Grieving With the French

A letter from Martha Sommers in France preparing for service in the Democratic Republic of the Congo

November 2015

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Bonjour Mes Amis,

It is the weekend after Thanksgiving, or Action des Grâces. Although not a holiday in France, an American teacher heard I was in Besançon without family, so invited me to a Thanksgiving feast for tomorrow.  She said there will be 18 people at the table, and we will be the two Americans. Sitting at the table for a long while enjoying delicious food slowly seems to be one of the necessary skills for living in France. I am learning “petit à petit.”  Two weekends back I was invited to a dinner to celebrate my classmate’s 21st birthday, which her host mother prepared. There were nine of us ranging from late adolescence to late middle-aged, representing France, U.S.A., Haiti, Venezuela, Thailand and Great Britain.  We feasted, laughed, talked about food and life. Then, four hours into the dinner, David, who is from Haiti, got a message on his phone about the Paris attacks.

With professor Jean-Luc and classmates

With professor Jean-Luc and classmates

Besançon is just three hours by train from Paris, and almost everyone has close ties there. People first seemed in shock. Monday, the first day of class after the attacks, we students  from around the world were able to support our French teachers and staff by joining them in a time of silence. It is always difficult to know what to say following a tragedy, and even more so when you are just learning a language.  Thank you to those of you who accompany people who are grieving, with and without words.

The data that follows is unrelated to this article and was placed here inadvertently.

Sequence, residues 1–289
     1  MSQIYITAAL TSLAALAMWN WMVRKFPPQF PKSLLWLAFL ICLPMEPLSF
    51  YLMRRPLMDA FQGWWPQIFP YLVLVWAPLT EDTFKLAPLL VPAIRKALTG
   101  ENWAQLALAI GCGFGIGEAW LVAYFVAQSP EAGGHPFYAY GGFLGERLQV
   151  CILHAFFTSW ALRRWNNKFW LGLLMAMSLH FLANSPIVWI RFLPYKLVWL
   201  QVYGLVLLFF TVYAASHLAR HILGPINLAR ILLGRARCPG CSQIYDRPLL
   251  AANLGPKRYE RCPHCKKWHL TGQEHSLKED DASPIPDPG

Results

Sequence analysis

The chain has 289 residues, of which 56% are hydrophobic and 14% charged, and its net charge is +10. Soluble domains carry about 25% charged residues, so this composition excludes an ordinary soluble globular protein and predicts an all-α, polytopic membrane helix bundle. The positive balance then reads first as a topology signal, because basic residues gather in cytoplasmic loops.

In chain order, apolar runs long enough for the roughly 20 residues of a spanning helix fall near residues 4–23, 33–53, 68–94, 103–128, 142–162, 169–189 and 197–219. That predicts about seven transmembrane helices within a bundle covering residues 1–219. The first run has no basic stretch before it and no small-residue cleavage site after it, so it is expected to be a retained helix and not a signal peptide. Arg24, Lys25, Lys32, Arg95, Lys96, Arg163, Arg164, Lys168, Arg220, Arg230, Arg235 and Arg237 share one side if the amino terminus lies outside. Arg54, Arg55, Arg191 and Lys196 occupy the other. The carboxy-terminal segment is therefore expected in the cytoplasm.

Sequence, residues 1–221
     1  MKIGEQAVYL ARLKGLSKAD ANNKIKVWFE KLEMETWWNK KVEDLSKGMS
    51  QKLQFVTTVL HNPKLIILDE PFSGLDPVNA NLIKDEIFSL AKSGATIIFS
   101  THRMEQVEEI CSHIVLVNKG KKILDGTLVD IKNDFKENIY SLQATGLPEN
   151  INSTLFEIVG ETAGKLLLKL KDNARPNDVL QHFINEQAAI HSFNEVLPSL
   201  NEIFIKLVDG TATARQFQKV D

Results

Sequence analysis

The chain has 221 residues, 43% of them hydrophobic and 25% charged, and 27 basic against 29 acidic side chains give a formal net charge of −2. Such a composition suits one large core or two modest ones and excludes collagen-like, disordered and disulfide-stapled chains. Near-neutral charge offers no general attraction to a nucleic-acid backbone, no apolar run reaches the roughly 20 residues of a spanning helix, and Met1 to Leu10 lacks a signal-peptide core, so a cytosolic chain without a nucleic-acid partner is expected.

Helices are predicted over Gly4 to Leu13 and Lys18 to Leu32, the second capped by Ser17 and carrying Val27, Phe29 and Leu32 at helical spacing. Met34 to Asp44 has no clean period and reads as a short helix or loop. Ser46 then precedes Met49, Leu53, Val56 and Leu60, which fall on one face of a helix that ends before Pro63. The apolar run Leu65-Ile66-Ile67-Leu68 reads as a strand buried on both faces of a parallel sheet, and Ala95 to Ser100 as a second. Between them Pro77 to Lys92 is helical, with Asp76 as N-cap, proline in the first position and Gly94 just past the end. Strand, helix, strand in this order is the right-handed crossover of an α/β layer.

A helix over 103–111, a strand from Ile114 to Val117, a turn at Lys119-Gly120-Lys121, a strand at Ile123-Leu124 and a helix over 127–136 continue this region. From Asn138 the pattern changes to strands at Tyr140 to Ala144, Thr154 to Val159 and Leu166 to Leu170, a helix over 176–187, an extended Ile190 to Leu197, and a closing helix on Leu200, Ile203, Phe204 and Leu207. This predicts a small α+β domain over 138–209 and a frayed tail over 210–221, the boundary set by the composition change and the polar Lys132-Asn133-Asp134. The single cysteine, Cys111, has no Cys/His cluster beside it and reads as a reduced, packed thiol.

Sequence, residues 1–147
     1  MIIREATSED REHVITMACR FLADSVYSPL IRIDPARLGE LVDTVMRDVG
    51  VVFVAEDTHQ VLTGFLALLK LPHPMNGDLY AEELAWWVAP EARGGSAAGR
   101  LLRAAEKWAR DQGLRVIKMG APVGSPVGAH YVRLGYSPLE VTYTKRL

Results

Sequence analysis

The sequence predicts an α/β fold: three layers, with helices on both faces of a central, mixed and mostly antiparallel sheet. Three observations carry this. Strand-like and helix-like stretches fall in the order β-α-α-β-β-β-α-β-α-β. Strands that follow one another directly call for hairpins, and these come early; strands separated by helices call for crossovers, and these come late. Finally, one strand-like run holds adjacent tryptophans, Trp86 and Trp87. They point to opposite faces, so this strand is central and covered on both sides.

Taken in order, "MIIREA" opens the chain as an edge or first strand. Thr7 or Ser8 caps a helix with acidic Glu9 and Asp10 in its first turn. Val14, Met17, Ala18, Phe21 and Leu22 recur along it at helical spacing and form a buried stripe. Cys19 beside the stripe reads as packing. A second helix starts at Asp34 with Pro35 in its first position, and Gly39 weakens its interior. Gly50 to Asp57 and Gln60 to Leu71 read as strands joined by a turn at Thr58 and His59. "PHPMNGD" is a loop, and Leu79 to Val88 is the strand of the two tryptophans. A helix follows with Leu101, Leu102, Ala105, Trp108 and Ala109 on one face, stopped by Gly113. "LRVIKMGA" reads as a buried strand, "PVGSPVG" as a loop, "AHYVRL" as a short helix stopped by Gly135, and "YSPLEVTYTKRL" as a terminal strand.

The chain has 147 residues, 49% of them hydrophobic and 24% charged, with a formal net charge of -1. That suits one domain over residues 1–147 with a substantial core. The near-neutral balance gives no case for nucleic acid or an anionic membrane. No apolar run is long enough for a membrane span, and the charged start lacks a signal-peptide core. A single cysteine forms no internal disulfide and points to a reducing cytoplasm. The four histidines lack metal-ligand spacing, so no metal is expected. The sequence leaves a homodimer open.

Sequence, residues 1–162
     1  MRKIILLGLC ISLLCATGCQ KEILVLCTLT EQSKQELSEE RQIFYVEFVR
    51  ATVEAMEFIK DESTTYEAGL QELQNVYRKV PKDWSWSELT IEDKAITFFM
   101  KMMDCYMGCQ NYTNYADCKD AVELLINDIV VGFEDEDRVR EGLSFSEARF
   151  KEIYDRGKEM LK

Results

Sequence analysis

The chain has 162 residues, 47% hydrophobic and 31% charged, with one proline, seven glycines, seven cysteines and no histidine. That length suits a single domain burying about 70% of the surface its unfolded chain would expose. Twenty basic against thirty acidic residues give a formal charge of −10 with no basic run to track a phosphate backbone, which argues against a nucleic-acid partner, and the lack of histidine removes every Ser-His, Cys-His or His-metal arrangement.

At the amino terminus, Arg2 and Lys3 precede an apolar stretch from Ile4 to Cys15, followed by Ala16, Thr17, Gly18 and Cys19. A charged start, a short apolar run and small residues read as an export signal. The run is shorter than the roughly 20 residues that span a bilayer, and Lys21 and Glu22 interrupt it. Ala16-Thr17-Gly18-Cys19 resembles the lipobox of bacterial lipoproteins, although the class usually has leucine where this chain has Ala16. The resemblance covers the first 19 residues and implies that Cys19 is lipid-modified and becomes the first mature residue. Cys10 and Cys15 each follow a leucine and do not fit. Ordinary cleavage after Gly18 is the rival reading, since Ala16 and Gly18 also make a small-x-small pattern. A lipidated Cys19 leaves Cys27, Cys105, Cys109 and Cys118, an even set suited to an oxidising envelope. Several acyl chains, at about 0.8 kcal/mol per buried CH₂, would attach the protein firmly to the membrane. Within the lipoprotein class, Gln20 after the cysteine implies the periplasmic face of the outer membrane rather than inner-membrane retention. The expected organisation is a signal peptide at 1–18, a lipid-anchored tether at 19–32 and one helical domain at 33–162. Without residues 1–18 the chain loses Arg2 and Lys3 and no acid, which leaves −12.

As folks grieve there are many discussions, sometimes heated. At lunch today, with local friends speaking French, I learned the verb fabriquer as one man spoke of the main problem being the fabrication or production of arms by France, the U.S.A., and Russia that are sold in abundance to the Middle East for oil, and easily obtained by “kamikazes,” which is the word used here. One woman stated that she thought the problem was religion, while the others voiced economic issues. I remembered and shared Bishop Desmond Tutu’s quote, “Religion is like a knife: you can either use it to cut bread, or stick it in someone’s back.” She was able to concede how Islam is so much larger than the few European nationals who are Islamist Muslims and who orchestrated these attacks.  These long discussions over delicious meals are mainly special time, although sometimes the conversations disintegrate after too much wine. In class our professor Vanessa is teaching us the vocabulary and grammar necessary to dialogue toward peace by making use of the text La Communication Nonviolent au Quotidien by Marshall B. Rosenberg.  We do exercises in which we first make observations about something, then share our feelings about it, before we make any evaluating statements.  We can all see how this method and disciplining ourselves to avoid provocative words and phrasing can help us work for peace in our relationships in every language.